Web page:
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Gimme More SPACE! Portland’s Most Trafficked Gallery Expands

Space Gallery, annex, Portland, Maine, 2011

SPACE Gallery—or just “SPACE”—is a mainstay of the First Friday Art Walk circuit here in Portland, Maine. This downtown nonprofit arts organization also functions as a hub for the city’s most mind-blowing concerts. Shows this year included Dan Deacon, Titus Andronicus, and my favorite, The What Cheer! Brigade, a 19-piece marching band that played Balkanesque beats while snaking impishly through a dance-crazy audience. Throw in events like the four-day screening of Matthew Barney’s epic The Cremaster Cycle, pornstar Annie Sprinkle’s disquisition on “eco-sexuality,” and a live storytelling series called SLANT, and you’ve begun to taste the SPACE mission: to provide a venue for what is contemporary, emerging, and unconventional.

A room that frequently approaches critical mass with sweaty dance parties certainly limits its full potential as a gallery. Installations in the ilk of Dale Chihuly would not be safe near a mosh pit! For many of us, that tension between art and livability gives SPACE its special flavor. Executive Director Nay May describes it as both the gallery’s “greatest strength” and the “biggest challenge” he’s had to navigate over the years. On July 1, and for the first time since opening in 2002, SPACE will move beyond the one room operation. They’ve usurped an adjacent property in order to have more—ahem—space. 50% more on the floor, 75% more on the wall, to be exact.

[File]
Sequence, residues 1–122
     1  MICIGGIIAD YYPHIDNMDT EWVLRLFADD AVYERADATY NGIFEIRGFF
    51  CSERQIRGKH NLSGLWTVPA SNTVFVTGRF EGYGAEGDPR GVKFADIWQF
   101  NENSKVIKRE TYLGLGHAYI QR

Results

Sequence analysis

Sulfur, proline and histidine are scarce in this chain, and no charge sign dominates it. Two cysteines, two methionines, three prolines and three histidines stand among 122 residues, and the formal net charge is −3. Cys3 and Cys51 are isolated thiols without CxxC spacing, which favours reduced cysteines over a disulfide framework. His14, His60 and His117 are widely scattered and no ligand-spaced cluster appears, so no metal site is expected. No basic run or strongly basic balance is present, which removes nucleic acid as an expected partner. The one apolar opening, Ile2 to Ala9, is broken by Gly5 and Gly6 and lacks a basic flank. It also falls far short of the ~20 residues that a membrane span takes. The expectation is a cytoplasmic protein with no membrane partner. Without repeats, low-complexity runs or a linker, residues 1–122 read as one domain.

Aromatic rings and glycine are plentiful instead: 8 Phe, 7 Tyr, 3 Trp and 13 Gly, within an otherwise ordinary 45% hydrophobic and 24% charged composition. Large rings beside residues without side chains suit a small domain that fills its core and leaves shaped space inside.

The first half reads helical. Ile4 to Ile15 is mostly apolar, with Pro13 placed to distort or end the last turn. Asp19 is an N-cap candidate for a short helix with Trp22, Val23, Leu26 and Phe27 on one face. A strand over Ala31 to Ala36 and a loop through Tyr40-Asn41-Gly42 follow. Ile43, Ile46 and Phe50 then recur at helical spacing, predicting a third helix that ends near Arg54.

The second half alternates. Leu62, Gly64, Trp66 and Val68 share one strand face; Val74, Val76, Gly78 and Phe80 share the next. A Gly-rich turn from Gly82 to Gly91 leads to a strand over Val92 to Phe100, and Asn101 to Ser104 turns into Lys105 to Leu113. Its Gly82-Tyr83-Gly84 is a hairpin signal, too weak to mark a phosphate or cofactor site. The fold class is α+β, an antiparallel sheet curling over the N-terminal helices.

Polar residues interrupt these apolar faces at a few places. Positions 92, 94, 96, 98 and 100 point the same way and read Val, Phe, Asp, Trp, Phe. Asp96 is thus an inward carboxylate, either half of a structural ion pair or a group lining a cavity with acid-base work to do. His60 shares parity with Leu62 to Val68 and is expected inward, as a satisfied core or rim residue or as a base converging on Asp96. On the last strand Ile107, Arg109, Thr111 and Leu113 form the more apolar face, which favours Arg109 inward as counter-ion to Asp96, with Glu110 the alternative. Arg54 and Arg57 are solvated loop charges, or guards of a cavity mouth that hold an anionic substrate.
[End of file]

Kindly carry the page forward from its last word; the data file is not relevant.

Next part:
“SPACE Gallery annex” will form a dynamic duo with the main room and will moonlight as an all-purpose performance venue. In the words of May, “The dire need in this case was for us to allow some projects more room. This separate space will give us a chance to do some projects, installations, etc. that don’t coexist with other things the way we need most things to coexist in our current space.” The first annex exhibit (I was instructed to use lowercase "a") will run from July 1 to August 5. It’s a drawing show of New York-based artists who work in various media and explore the shapes, textures, and lines of memory. For more information on “Elia Bettaglio, Selena Kimball and Tatiana Simonova: Drawings” click here.

The extra breathing room also means SPACE will be more amenable to working with local businesses and organizations. They’ve occasionally rented out the main floor for fundraising events and the like. The annex will offer Portland more opportunities to bring communities together within the walls of our creative imagination.

So thank you, SPACE, for giving us more of you! We're looking forward to what happens next.

Above photos on left: Elia Bettaglio's drawing "Magnifying Glass". On right, Tatiana Simonova's drawing "Eventuality 1." Both artists will be featured along with Elia Bettaglio in the annex's opening exhibit.

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